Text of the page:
Employment-at-will is where; an employee employment contract depends on the will of the employer. This means that the employer is free to discharge or fire an employee at his own will. The employer for a "good cause," at no cause at all or bad cause may fire an employee. An employee on the other hand, is free to cease work, quit or strike. In a decision made in the year 2000 by the Supreme Court, an employer has the right to terminate an employee at will for a reason or no reason at all. The employer further may act inconsistently or arbitrarily without providing prior information or warning (Muhl, 2001). This means that the mere existence of an employment contract affords no protective measures by law that employment will end on particular conditions or will continue. This, however, may be so in a case where the employer and the employee have adopted such conditions.
Legal Grounds for Firing Employees
The employment at will status remains the same except in some situations where alteration is necessary in writing by the company's chief executive. Any alterations to the employment at will status need an acknowledgement sign from the employee in question. As a chief operation officer for a company John's criticism on a customer, does not warrant his dismissal. There are exceptions to the dismissal of employees under the public policy, federal or state statutes. This can relate to retaliating against an employee for performing that which complies with the public policy, or in some cases dismissal of employees for refusing to perform an act that is contrary to public policy. There are states, which protects employee interest, for example, the state of Alabama, Louisiana, New York and Florida (summers, 2000).
John has a right to criticize the customer since he has a right to express his feelings. Another exception to the employment at will is implied contracts of employment. Implied contracts of employment are an exception to the employment- at-will. Under this exception, an employer may not fire an employee if an implied contract agreement is present. The problem with this scenario is that it will be difficult for one to prove the implied terms since implied contracts are not in writing. It is the burden of the fired employee to prove that an implied contract was in existence. These implied contracts of employment are in the employer's policy documents indicating conditions for firing employees. If an employer goes against the implied contract of employment, the person is liable for breach of the contract (Muhl, 2001).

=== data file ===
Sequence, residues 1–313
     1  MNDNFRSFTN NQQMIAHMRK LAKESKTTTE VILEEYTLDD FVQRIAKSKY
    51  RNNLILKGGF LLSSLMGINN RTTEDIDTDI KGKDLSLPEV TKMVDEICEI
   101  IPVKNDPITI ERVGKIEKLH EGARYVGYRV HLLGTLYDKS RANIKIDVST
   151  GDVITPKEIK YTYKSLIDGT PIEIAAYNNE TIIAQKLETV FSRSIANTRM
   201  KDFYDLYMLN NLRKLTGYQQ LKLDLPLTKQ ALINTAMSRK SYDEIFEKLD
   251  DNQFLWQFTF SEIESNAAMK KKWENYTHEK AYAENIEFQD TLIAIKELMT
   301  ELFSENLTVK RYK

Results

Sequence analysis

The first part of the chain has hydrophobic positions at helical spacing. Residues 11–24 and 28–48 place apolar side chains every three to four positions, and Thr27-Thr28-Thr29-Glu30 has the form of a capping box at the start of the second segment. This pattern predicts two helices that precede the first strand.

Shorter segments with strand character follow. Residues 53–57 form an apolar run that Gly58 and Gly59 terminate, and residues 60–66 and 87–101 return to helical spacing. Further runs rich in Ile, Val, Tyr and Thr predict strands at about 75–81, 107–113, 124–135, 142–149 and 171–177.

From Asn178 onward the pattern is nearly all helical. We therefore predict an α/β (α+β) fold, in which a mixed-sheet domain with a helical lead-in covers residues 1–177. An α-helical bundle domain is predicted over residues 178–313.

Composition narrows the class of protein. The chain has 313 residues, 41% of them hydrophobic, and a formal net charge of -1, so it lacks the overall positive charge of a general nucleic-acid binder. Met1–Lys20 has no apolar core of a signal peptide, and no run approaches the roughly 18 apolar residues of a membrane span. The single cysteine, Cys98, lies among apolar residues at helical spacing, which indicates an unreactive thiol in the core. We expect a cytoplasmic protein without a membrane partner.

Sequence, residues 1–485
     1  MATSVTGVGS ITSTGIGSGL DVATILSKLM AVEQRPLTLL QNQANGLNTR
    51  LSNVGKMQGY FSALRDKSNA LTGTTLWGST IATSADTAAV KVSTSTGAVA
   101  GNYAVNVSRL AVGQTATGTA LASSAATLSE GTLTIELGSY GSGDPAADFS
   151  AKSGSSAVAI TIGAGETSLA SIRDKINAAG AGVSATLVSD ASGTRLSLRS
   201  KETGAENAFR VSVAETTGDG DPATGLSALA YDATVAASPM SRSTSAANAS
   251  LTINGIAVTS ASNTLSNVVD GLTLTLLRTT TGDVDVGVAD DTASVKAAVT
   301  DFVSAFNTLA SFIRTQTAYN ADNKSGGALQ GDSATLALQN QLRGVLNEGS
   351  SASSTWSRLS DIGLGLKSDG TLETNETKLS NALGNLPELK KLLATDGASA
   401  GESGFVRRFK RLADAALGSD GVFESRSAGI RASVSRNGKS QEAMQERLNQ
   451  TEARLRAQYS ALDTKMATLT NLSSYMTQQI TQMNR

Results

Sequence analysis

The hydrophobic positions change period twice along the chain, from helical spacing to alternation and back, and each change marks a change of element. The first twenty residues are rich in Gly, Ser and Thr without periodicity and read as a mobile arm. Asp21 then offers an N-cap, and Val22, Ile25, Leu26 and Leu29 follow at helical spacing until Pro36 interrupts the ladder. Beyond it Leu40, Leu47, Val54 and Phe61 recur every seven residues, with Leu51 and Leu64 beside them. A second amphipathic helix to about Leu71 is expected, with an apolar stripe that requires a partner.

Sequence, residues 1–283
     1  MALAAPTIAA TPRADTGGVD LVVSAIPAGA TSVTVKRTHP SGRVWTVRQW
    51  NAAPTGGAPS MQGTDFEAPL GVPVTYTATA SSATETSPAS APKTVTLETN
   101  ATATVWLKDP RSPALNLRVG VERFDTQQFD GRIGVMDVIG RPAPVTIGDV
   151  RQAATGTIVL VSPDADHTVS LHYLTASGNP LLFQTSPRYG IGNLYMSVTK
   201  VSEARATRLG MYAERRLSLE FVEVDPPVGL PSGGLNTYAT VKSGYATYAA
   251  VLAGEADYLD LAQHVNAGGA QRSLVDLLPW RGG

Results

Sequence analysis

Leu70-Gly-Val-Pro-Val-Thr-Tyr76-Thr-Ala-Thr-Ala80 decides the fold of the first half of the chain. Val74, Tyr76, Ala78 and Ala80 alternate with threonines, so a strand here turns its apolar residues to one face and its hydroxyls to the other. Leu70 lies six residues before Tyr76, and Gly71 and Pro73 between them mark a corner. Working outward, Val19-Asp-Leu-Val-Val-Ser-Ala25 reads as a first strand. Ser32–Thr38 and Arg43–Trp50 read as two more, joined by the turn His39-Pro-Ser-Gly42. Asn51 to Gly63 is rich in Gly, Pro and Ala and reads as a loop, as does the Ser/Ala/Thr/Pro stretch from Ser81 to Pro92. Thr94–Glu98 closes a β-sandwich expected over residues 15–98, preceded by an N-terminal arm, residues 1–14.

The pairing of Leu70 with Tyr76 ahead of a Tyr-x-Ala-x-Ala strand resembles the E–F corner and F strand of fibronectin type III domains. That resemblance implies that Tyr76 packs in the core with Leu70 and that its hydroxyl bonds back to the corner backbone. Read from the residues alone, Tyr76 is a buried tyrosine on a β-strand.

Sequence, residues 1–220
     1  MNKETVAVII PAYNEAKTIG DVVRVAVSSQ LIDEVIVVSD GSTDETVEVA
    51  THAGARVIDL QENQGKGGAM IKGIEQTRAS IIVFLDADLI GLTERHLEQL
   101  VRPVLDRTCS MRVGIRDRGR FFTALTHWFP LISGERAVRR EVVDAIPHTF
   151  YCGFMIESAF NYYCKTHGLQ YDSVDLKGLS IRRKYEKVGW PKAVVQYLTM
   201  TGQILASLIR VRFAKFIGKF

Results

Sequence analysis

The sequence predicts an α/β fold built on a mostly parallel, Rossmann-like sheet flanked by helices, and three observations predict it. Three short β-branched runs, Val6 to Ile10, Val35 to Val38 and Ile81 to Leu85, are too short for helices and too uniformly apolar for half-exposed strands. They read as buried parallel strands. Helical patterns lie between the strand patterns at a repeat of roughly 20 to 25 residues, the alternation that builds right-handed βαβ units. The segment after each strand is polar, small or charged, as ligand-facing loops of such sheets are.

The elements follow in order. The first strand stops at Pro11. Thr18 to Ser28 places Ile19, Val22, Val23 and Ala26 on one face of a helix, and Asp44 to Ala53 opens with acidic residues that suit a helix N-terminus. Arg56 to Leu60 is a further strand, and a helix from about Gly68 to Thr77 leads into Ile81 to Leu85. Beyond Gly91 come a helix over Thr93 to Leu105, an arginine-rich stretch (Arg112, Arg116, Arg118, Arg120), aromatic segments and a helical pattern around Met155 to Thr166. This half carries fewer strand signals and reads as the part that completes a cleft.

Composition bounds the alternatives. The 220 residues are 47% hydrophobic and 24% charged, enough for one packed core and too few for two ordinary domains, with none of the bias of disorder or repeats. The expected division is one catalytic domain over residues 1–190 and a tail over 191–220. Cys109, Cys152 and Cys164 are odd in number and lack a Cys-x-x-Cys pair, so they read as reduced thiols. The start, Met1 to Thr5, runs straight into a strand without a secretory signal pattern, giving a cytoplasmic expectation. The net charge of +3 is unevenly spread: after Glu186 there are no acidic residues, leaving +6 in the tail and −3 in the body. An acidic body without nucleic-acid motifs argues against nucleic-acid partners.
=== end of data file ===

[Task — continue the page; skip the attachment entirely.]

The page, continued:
As the operating officer, the action of Jim sending emails in inciting people to boycott the next sale meeting warrant termination of employment. Any breach of an employment contract warrants the firing of an employee. For Jim to circulate emails to people protesting against charge commission without first consulting is a violation of the employment contract. Once an employee enters an organization he must adhere to all the rules and terms of employment, and one of the most fundamental terms is to work for the good will of the organization. Therefore, since bonuses and commissions are not contrary to public policy, Jim's action is not beneficial to the organization but a liability. This is a breach to the principal of good faith since Jim did not consult to know why there was a sudden change in commissions and bonuses.
Ellen's blog protest on the bonus of the CEO would warrant dismissal depending on several issues. It is wrong for an employee to protest on a blog about internal operation of the firm if in the first place authorities in the organization do not know. Ellen portrays her bosses as "out- of -touch" and "know -nothings." This may either mean that either Ellen has hidden passions or agenda concerning her bosses or there are problems that need rectification. Malice would warrant firing of employees and, therefore, Ellen's claim need investigation and if either of party if found to have breached the contract disciplinary action is necessary. The covenant of fair dealing and good faith is an exception to the traditional system of employment at- will.
The other exception to the employment-at-will principle is the statutory exceptions. Statutory exceptions are protective measures directed at ensuring that employees get protection against wrongful dismissals. There are anti-discriminatory laws that protect employees from discrimination in employment in relation to color, religion, nationality, age or physical status (summers, 2000). An action by the…
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"Employment-At-Will Doctrine Whistleblower Policy Employment-At-Will Is Where ", 02 November 2013, Accessed.19 May. 2017, http://www.paperdue.com/essay/employment-at-will-doctrine-whistleblower-126161